Despite that, he said, there are numerous areas such as fields, forests and parks that can’t be illuminated as effectively as city centers and are thus more dangerous.

After Barquin Arozamena’s death, Ames may feel like a less safe place to its residents, especially women. In his open letter to the campus community, Iowa State Police Chief Michael Newton offered advice to students including traveling in groups and avoiding poorly-lit areas in an effort to encourage vigilance and safety amongst students.

These suggestions aren’t new, though — Iowa State Police have been advising students for years to take precautions while traveling, especially at night. That’s because many officials, including members of the City Council, believe this incident is isolated and not indicative of declining safety in Ames.

“I don’t think I’ve lost my confidence in the safety of our community by any means,” Corrieri said. “But I think it does shake my confidence, a little bit, in our judicial system and how we deal with people who have a history of crime, especially those with violence against women.”

Corrieri said she’d like to have a discussion with county and state officials, as she believes violence against women is an issue too large for the City of Ames to tackle on its own.

Council members have already been discussing the issues surrounding the death of Barquin Arozamena and said the path forward remains unclear. Allie Hoskins, a student serving as ex-officio on the council, said she’s been wrestling with the issues for the past few days, trying to figure out some course of action.

“I honestly don’t know [what to do],” Hoskins said. “I’ve been planning to talk to the mayor and the rest of council before our next meeting about some possible ideas… At the beginning of the year I really wanted to focus on campustown safety, especially at night when it feels more unsafe, but I don’t know moving forwards what I can do more about that.”

This uncertainty can be felt all the way up to the mayor’s office — although Iowa State officials began releasing statements regarding Celia Barquin Arozamena as early as Monday, Haila has not yet released his statement. According to Susan Gwiasda, public relations officer for the city manager’s office, the delay is partially due to the short amount of time Haila has served as mayor.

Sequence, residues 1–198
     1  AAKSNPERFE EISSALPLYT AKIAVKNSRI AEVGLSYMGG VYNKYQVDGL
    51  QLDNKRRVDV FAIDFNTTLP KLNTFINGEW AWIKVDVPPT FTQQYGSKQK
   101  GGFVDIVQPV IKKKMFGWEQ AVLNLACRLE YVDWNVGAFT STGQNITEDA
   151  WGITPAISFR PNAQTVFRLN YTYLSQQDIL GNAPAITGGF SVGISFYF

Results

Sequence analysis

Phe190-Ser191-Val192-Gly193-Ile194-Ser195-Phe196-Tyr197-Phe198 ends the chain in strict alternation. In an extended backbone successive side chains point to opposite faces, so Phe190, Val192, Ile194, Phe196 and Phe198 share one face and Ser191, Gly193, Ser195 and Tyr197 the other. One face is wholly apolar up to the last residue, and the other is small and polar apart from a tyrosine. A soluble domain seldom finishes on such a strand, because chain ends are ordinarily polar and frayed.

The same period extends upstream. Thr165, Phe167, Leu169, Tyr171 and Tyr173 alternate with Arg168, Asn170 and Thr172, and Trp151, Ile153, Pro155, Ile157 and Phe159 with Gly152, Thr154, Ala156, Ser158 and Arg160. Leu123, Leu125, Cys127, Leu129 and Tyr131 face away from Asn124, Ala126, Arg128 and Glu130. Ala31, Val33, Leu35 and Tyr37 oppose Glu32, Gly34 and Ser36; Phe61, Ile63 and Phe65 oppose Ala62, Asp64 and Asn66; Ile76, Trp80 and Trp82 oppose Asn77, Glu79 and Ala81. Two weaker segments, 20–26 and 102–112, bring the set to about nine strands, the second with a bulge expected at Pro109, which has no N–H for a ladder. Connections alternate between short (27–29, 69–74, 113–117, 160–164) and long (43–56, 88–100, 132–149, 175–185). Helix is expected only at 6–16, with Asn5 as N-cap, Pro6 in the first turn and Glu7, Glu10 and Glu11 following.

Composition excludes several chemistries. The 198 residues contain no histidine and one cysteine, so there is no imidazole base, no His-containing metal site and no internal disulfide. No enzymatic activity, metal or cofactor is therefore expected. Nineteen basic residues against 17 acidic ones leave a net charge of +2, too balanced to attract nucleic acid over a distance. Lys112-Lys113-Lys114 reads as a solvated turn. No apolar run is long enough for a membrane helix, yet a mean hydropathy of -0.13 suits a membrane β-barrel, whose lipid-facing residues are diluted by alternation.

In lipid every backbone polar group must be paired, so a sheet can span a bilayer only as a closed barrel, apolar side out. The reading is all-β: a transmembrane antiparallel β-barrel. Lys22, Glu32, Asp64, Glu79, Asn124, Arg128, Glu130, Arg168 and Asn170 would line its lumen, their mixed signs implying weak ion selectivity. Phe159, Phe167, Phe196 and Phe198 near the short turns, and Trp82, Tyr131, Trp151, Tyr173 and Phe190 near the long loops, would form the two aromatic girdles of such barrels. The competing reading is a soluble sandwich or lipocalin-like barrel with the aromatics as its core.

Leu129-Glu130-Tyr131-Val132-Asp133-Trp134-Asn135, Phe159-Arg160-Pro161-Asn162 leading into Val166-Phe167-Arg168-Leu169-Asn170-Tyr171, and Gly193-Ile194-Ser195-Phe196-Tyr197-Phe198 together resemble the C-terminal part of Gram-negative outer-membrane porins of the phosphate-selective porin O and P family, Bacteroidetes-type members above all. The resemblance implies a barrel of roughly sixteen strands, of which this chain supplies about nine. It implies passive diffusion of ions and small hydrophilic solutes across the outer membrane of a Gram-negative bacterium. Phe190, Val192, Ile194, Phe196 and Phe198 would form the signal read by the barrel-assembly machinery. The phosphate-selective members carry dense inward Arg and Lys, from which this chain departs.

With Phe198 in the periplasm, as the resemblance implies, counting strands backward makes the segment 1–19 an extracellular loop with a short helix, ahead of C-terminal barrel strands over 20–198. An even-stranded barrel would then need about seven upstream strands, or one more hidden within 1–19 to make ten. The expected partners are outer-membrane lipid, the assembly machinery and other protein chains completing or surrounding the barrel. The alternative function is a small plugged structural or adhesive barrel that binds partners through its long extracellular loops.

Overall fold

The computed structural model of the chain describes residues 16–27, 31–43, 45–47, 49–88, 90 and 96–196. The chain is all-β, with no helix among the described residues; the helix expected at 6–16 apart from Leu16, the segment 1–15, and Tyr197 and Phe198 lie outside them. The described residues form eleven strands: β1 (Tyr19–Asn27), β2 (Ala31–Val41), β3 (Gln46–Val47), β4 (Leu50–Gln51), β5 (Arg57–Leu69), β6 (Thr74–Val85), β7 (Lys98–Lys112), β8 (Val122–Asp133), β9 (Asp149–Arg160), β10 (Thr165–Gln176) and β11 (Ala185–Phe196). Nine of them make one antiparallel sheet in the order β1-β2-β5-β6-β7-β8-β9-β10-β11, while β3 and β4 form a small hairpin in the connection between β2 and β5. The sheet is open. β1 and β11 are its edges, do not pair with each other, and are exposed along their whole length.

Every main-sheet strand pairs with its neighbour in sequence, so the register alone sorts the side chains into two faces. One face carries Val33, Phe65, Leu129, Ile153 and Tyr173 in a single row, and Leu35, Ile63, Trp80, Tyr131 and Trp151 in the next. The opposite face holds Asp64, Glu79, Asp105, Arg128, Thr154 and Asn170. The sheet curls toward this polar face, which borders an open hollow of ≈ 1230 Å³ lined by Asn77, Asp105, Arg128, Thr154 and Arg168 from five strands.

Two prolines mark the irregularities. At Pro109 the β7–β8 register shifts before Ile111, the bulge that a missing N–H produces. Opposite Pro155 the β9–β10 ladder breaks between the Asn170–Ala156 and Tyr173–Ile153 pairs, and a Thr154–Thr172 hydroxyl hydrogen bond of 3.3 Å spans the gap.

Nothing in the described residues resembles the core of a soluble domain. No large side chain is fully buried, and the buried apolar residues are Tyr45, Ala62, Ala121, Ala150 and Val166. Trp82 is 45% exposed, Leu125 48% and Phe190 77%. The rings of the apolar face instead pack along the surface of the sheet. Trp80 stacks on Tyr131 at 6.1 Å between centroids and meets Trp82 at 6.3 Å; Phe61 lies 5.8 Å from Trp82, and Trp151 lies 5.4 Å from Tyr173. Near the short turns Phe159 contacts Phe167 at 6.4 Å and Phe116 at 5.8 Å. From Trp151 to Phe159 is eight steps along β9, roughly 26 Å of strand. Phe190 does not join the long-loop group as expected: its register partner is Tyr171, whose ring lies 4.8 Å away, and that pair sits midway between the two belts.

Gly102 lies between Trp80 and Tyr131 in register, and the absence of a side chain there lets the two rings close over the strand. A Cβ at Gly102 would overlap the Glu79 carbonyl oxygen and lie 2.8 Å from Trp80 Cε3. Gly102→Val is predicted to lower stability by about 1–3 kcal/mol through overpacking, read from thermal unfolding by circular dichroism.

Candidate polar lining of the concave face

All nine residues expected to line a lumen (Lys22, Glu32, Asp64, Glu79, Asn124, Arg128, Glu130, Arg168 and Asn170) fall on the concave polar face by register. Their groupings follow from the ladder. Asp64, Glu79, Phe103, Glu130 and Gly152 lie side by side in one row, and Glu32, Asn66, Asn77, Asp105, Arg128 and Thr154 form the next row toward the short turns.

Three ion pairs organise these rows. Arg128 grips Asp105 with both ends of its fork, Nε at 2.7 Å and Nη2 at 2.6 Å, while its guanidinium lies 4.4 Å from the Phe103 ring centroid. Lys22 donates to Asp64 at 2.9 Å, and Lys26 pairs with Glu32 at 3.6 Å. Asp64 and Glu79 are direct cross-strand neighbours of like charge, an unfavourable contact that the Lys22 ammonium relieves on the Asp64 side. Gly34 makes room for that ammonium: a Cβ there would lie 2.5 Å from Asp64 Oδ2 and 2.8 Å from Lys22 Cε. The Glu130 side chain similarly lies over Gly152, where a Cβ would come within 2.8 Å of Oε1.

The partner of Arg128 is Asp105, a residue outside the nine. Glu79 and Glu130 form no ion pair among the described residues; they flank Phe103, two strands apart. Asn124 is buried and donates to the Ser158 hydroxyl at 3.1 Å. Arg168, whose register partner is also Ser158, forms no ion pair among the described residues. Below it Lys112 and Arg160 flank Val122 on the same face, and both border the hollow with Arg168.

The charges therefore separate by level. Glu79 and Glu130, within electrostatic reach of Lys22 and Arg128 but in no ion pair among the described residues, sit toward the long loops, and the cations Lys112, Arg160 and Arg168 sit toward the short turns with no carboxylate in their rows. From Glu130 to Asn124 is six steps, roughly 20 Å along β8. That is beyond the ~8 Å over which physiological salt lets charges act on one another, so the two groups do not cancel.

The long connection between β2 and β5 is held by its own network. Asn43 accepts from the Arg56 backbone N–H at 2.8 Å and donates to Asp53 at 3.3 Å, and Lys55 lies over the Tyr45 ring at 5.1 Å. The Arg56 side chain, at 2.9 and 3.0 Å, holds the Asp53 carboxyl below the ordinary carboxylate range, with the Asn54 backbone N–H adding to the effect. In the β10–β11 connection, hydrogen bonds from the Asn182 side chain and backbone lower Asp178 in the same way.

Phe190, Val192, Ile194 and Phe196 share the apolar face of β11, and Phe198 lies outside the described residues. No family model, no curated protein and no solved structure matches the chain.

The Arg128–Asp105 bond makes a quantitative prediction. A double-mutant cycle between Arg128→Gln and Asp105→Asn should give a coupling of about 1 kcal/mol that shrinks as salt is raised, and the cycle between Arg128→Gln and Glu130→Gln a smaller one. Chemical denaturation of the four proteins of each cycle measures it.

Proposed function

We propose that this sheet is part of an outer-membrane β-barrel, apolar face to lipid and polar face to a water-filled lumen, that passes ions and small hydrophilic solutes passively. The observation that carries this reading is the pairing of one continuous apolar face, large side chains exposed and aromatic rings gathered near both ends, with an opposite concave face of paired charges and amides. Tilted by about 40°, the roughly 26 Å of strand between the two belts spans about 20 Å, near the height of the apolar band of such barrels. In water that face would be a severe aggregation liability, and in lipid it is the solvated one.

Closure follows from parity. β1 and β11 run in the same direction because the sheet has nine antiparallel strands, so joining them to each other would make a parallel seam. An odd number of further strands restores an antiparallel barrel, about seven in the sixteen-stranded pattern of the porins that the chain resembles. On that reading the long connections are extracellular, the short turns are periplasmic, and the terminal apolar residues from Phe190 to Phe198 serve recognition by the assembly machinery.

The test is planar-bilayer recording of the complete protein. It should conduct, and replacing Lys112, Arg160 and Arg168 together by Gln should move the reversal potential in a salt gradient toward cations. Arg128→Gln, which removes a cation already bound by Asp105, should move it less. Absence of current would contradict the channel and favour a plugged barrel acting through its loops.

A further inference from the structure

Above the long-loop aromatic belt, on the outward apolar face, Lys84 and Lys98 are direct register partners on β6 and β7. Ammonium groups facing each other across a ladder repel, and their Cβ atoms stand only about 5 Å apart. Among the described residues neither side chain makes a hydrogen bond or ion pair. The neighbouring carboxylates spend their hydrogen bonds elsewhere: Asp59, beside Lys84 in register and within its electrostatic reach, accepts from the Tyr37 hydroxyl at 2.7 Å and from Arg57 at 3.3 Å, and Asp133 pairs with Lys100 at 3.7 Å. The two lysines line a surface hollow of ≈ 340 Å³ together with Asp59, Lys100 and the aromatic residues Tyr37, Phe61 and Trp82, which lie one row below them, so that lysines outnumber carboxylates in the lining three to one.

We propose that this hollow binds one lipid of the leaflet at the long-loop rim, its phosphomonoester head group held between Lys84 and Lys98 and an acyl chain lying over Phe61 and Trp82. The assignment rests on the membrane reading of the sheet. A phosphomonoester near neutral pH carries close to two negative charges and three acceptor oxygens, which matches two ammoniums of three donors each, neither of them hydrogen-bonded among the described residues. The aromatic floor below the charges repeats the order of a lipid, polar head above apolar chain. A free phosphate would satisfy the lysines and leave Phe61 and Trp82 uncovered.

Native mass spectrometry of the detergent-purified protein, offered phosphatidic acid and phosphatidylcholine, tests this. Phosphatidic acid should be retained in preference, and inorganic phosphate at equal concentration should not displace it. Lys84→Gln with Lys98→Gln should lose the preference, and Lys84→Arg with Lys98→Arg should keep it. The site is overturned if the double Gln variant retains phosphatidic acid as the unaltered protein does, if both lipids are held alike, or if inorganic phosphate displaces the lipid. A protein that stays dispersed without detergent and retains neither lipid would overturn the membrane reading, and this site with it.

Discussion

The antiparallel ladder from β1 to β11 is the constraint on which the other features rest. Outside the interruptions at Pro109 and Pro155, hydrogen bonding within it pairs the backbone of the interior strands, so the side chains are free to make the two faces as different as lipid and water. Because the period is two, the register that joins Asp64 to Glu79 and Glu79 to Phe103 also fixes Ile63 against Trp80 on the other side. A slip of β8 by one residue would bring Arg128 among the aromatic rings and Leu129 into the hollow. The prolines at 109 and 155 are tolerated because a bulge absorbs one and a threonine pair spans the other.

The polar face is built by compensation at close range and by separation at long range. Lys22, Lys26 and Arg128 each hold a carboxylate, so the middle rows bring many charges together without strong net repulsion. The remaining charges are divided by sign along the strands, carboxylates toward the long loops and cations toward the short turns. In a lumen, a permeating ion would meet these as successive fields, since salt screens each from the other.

“Mayor Haila has been in office since January, so everything is new to him,” Gwiasda said. “Honestly, a situation like what has happened in Ames recently is really new to all of us. I think we all need a little time to process this and figure out what is the appropriate response.”

She then explained how, due to the fact that the mayor had never personally met Barquin Arozamena, a lack of response would be understandable.

“When the university president releases a statement, that makes sense,” Gwiasda said. “The students have all chosen to attend that university, they’re part of that family, they pay to be there. When you move to a community, it’s a little bit of a different situation. People come and go, and they’re transient and we don’t have their names always, we don’t have their numbers.”

Haila later confirmed he would be releasing an official statement on Thursday. He said his primary reason for waiting to release a statement was to allow those close to her to speak first.

“I hope this never ever ever happens again, but you’re never prepared for something like this,” Haila said. “No one ever said, hey, if someone ever gets murdered in Ames, here’s what you do. So you’re kind of learning as you’re going as well, too. So the fact that there hasn’t been an official press release, it’s just more or less trying to give a little space and let Iowa State be on the record, and we’ll certainly follow up on one too.”

While members of council want to make efforts to reduce violent crime, Gartin said it can never be completely stopped.

“I appreciate the fact that people want to find an answer so this never happens again,” Gartin said. “That’s not going to happen. It’s an unrealistic expectation. What we can do and what we should do and what we are doing now is we ask the question, what reasonable steps are available to us to ensure the safety of our citizens?”

City Council members shared their sympathy for Celia Barquin Arozamena and her family, saying they hope to find a way to prevent tragedies like this going forward.

“I just want the community to know that the leadership in this city is completely heartbroken and disgusted over the fact that something like this could happen, and we want to help lead those conversations and find solutions,” Corrieri said. “We need to do whatever is necessary to determine how we might be able to prevent this in the future.”